The recent death of Elie Wiesel compelled me to reach out to my own adult children. Not because I am an educator, but because I am a parent who continues to challenge my children to use their passion and intellect to make a difference in the lives of others, regardless of the scale of impact. Teachable moments occur 24/7. When we are awake to them, we can discover within the simplest interaction or within the complexity of a global situation an opportunity to transmit to our children their heritage of social justice. Reflecting together, in a developmentally appropriate way, we can identity how actions and inactions taken by one person or a group impact – positively or negatively – on others. Reflection creates space for us to impart ethical, moral, cultural, spiritual and social values, identifying desirable and undesirable behaviors. I found such a moment in my own reflections on the passing of Elie Wiesel.
The media is replete with accounts of how Elie, through his words, spirit and deep sense of humanity influenced and shaped young lives. His life-long focus on the particular and universal experience of suffering will continue to call for a moral response for generations to come, but only if every parent understands his or her role in the transmission process. One opportunity to do so is by sharing the personal impact Elie had on you. Another is through sharing personal accounts found in the media. This includes the secular press as well as through publications such as Tablet Magazine, The Forward, and Ejewishphilanthropy.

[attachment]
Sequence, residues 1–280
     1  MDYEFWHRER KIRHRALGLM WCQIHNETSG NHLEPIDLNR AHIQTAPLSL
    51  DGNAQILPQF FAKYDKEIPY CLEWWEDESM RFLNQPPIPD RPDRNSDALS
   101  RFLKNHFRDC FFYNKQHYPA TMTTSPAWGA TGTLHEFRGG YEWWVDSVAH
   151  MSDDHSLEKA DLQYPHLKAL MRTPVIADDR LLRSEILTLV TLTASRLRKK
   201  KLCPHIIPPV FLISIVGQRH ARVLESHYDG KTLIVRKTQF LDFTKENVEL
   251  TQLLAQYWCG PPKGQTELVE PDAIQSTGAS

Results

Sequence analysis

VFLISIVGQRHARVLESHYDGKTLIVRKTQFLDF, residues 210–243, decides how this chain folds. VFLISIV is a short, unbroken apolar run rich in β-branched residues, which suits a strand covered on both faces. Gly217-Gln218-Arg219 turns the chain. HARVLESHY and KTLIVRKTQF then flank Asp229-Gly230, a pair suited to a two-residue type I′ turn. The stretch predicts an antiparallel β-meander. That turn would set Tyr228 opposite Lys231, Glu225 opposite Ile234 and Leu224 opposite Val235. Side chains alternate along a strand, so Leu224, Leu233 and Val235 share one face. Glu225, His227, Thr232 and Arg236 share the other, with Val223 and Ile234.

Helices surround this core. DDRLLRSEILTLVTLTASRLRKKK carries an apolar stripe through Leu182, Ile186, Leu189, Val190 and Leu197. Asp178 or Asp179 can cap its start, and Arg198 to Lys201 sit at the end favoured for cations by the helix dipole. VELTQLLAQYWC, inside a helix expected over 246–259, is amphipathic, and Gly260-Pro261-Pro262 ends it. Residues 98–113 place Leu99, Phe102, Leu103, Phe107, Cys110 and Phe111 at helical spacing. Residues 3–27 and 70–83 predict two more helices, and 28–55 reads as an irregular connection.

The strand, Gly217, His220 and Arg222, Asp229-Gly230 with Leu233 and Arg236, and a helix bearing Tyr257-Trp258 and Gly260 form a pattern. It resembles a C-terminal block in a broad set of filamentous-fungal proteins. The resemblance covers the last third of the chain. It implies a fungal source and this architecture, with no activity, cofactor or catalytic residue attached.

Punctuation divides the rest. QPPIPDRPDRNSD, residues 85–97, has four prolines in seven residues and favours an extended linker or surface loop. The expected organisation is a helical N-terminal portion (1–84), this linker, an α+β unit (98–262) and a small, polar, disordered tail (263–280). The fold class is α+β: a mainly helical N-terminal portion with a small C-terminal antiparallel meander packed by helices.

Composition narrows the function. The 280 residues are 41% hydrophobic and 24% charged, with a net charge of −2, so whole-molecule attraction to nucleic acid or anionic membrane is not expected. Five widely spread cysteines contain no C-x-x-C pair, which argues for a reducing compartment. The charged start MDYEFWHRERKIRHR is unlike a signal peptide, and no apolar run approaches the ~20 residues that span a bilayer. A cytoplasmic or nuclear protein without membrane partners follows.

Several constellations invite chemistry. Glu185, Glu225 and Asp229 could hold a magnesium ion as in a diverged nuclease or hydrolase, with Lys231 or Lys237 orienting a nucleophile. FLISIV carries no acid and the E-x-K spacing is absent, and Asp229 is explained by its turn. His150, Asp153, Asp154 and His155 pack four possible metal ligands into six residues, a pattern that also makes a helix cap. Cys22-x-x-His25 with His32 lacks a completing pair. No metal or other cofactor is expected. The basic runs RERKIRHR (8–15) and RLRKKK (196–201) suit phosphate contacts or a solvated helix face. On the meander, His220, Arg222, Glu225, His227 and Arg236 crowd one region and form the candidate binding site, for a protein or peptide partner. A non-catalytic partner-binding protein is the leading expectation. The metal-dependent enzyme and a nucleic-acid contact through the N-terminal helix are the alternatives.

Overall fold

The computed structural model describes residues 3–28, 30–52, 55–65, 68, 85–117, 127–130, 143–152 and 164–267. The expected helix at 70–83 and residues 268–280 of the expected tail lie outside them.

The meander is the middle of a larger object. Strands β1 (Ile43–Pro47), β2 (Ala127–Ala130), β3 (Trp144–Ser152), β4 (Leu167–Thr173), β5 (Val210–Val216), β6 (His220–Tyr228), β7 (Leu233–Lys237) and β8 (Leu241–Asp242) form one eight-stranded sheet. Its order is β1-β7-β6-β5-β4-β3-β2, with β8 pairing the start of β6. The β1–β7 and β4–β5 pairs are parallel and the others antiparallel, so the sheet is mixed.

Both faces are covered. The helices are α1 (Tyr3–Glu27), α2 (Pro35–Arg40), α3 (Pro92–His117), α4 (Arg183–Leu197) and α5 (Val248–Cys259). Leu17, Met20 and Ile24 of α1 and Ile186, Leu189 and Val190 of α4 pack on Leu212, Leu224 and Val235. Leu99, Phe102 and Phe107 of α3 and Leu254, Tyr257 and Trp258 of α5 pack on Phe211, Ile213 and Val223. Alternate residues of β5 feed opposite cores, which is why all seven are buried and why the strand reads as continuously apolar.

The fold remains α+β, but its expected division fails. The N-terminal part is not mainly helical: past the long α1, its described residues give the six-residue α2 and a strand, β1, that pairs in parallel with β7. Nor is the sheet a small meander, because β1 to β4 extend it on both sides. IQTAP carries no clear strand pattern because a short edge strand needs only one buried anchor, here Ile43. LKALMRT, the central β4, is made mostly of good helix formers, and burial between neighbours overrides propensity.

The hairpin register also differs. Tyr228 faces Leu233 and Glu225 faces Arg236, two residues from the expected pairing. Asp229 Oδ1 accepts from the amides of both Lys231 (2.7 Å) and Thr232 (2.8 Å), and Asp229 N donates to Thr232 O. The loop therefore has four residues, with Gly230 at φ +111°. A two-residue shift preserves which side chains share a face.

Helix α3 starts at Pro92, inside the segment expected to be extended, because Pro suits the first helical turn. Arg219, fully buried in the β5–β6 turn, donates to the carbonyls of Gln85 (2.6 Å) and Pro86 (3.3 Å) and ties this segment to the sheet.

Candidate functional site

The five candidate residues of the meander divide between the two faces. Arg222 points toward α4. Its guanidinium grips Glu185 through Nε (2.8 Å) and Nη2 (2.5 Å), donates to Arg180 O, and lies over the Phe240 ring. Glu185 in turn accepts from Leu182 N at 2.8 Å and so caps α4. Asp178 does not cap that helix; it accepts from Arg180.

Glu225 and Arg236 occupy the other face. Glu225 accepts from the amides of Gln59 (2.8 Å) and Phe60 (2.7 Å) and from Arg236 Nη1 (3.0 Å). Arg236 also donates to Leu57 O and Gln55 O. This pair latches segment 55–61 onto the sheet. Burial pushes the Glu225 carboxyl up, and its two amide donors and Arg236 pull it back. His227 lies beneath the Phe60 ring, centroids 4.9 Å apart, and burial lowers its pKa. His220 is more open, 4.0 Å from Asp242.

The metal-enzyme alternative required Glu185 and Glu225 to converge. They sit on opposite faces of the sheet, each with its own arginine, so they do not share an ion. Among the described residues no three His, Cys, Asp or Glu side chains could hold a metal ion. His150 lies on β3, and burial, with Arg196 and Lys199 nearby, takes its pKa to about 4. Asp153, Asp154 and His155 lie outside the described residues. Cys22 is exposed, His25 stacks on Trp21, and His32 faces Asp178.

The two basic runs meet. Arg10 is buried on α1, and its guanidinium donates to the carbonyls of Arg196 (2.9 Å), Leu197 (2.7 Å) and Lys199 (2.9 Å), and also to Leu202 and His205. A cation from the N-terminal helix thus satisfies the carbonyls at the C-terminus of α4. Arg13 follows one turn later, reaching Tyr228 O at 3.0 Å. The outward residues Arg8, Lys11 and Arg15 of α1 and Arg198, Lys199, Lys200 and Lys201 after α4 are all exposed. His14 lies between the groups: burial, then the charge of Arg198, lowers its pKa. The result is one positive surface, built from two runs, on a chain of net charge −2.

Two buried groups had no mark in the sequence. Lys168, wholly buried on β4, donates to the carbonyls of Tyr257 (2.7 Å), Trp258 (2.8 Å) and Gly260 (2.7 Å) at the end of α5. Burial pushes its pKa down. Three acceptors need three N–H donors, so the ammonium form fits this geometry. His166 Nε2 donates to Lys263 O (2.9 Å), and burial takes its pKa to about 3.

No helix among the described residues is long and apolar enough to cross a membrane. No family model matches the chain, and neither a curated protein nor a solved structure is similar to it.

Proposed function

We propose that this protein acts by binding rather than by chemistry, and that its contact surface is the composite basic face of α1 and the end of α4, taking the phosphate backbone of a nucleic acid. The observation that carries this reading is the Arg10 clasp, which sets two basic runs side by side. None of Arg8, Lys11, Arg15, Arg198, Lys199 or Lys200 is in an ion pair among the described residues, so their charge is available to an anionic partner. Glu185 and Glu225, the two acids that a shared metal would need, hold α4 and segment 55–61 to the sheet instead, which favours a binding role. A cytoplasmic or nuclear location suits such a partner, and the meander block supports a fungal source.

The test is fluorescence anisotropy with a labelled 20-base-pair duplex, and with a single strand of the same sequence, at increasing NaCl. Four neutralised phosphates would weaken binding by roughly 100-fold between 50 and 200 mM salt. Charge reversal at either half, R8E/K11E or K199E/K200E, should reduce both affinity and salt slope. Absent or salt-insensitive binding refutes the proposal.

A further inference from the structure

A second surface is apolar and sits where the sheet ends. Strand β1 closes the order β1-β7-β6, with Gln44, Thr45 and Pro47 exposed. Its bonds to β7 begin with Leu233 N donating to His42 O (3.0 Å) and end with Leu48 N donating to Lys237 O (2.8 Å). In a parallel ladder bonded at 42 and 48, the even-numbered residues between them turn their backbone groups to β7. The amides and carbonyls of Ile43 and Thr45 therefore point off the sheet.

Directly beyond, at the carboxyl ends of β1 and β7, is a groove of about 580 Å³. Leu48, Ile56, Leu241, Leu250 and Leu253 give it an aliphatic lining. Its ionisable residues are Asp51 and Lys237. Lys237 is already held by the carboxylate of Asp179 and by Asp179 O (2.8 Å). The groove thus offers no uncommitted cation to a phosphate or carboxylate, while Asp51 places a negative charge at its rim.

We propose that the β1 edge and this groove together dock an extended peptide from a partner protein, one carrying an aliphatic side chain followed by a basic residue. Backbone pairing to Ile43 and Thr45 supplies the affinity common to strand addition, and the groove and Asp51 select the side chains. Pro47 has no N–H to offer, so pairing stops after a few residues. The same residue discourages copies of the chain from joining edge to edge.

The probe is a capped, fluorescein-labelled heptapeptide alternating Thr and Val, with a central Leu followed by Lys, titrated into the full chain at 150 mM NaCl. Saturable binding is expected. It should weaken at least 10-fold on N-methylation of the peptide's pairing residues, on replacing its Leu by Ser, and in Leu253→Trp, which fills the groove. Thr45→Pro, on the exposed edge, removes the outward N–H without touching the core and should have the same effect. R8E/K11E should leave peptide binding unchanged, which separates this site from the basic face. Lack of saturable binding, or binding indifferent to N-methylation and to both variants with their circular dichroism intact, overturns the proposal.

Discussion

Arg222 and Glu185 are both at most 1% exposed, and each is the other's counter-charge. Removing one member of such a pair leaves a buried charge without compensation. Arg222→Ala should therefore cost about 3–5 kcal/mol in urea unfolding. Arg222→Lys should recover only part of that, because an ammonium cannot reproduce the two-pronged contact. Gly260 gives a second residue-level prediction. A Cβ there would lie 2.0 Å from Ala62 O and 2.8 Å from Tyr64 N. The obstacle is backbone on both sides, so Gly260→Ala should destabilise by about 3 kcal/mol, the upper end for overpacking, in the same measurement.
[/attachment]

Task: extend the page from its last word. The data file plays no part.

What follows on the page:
I wrote the following to my own children and step children on this day of marking the independence of our great nation:
“I will be forwarding you several pieces written about Elie Wiesel, who recently passed away. There is as much to be learned from what people write about his influence on their lives as there is by reading his books.
“In a time of disruptive terror, it is important to continue Elie’s relentless work in addressing the great suffering humanity continues to wreak upon the innocent – and how one man (woman) can inspire and transform us. Elie’s words reveal the depths of human pain and suffering and his actions demonstrate an enduring hope for what is good, compelling us, each in our own way, to reveal the light within the darkness.
“I had the opportunity to spend an evening with Elie Wiesel when I was Hillel Director at Washington University. He was the real deal. “May his memory inspire us to be better and to work harder to impact humanity for the good – whether through person-to-person engagement or through systemic change. And may his legacy inspire generations to come.”
Rabbi Nina J. Mizrahi, Community Rabbi
4 July 2014/ 28 Sivan 5776